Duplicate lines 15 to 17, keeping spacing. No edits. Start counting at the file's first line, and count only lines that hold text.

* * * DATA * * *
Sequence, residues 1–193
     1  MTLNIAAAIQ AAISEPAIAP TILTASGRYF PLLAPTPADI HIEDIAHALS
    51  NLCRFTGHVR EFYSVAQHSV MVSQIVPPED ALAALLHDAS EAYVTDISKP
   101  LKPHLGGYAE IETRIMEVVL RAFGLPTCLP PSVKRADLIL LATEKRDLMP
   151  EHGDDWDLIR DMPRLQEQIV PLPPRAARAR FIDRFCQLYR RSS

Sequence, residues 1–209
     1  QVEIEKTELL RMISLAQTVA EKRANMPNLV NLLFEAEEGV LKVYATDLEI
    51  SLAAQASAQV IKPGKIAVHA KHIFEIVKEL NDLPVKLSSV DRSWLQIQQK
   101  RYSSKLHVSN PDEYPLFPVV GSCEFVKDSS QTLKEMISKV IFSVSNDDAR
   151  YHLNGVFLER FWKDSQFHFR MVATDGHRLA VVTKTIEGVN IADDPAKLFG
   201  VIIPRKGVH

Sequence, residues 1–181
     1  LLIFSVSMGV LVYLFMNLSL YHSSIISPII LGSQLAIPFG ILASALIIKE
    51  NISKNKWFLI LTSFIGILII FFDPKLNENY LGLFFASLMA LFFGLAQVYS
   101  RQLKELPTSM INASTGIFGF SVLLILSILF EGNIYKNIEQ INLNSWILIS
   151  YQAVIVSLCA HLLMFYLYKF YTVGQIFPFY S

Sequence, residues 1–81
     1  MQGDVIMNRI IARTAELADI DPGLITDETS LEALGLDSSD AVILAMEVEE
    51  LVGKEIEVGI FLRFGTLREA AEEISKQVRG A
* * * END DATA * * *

   101  RQLKELPTSM INASTGIFGF SVLLILSILF EGNIYKNIEQ INLNSWILIS
   151  YQAVIVSLCA HLLMFYLYKF YTVGQIFPFY S

Sequence, residues 1–81